Computer 110 typically includes a variety of computer readable media. Computer readable media can be any available media that can be accessed by computer 110 and includes both volatile and nonvolatile media, removable and non-removable media. By way of example, and not limitation, computer readable media may comprise computer storage media and communication media. Computer storage media includes both volatile and nonvolatile, removable and non-removable media implemented in any method or technology for storage of information such as computer readable instructions, data structures, program modules or other data. Computer storage media includes, but is not limited to, RAM, ROM, EEPROM, flash memory or other memory technology, CDROM, digital versatile disks (DVD) or other optical disk storage, magnetic cassettes, magnetic tape, magnetic disk storage or other magnetic storage devices, or any other medium which can be used to store the desired information and which can be accessed by computer 110. Communication media typically embodies computer readable instructions, data structures, program modules or other data in a modulated data signal such as other transport mechanism and includes any information delivery media. The term “modulated data signal” means a signal that has one or more of its characteristics set or changed in such a manner as to encode information in the signal. By way of example, and not limitation, communication media includes wired media such as a wired network or direct-wired connection, and wireless media such as acoustic, RF, infrared, and other wireless media. Combinations of any of the above should also be included within the scope of computer readable media.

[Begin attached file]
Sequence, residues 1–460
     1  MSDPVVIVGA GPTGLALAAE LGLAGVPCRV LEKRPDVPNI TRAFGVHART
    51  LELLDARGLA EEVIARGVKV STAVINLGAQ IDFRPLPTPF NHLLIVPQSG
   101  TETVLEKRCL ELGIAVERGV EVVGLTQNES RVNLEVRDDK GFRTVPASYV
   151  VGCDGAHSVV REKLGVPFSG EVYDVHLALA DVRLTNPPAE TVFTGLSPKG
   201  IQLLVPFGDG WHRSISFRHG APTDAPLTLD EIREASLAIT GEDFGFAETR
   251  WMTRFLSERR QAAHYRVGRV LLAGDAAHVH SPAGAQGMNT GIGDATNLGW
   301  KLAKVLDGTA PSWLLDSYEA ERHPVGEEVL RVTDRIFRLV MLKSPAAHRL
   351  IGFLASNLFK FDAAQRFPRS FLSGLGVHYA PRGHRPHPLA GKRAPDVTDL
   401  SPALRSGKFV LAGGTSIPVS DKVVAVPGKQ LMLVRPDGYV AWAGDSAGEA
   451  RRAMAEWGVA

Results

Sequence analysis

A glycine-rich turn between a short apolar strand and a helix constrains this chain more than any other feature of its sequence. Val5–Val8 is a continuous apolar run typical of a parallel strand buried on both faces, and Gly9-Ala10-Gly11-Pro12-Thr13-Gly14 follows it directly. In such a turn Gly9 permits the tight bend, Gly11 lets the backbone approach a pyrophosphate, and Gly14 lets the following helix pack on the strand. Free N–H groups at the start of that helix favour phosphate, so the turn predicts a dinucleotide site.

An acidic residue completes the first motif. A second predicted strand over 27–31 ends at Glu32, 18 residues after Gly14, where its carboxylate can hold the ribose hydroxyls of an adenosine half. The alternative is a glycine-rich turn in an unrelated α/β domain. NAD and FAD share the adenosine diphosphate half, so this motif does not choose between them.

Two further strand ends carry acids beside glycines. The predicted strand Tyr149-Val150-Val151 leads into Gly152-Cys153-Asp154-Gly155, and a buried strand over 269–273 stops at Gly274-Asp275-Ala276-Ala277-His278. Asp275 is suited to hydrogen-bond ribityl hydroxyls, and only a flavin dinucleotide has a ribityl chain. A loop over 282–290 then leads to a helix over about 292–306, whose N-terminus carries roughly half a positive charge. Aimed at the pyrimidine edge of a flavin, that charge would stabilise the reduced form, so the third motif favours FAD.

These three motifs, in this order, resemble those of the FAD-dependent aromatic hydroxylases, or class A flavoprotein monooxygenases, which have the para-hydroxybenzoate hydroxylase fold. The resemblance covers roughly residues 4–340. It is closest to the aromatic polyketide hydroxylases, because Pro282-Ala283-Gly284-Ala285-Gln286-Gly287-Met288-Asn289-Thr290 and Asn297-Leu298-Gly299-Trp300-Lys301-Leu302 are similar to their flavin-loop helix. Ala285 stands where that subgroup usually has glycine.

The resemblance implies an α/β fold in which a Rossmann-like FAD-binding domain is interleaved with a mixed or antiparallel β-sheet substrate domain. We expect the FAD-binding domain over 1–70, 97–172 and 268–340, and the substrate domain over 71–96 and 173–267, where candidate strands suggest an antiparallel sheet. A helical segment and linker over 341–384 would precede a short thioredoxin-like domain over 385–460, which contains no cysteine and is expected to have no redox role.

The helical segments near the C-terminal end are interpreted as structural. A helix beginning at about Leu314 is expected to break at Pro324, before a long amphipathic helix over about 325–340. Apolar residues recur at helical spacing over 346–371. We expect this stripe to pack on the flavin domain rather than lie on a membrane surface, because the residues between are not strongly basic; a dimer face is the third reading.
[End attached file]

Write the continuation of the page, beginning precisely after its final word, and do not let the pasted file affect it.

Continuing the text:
The system memory 130 includes computer storage media in the form of volatile and/or nonvolatile memory such as read only memory (ROM) 131 and random access memory (RAM) 132. A basic input/output system 133 (BIOS), containing the basic routines that help to transfer information between elements within computer 110, such as during start-up, is typically stored in ROM 131. RAM 132 typically contains data and/or program modules that are immediately accessible to and/or presently being operated on by processing unit 120. By way of example, and not limitation, FIG. 3 illustrates operating system 134, application programs 135, other program modules 136, and program data 137.

The computer 110 may also include other removable/non-removable, volatile/nonvolatile computer storage media. By way of example only, FIG. 3 illustrates a hard disk drive 141 that reads from or writes to non-removable, nonvolatile magnetic media, a magnetic disk drive 151 that reads from or writes to a removable, nonvolatile magnetic disk 152, and an optical disk drive 155 that reads from or writes to a removable, nonvolatile optical disk 156, such as a CD ROM or other optical media. Other removable/non-removable, volatile/nonvolatile computer storage media that can be used in the exemplary operating environment include, but are not limited to, magnetic tape cassettes, flash memory cards, digital versatile disks, digital video tape, solid state RAM, solid state ROM, and the like. The hard disk drive 141 is typically connected to the system bus 121 through a non-removable memory interface such as interface 140, and magnetic disk drive 151 and optical disk drive 155 are typically connected to the system bus 121 by a removable memory interface, such as interface 150.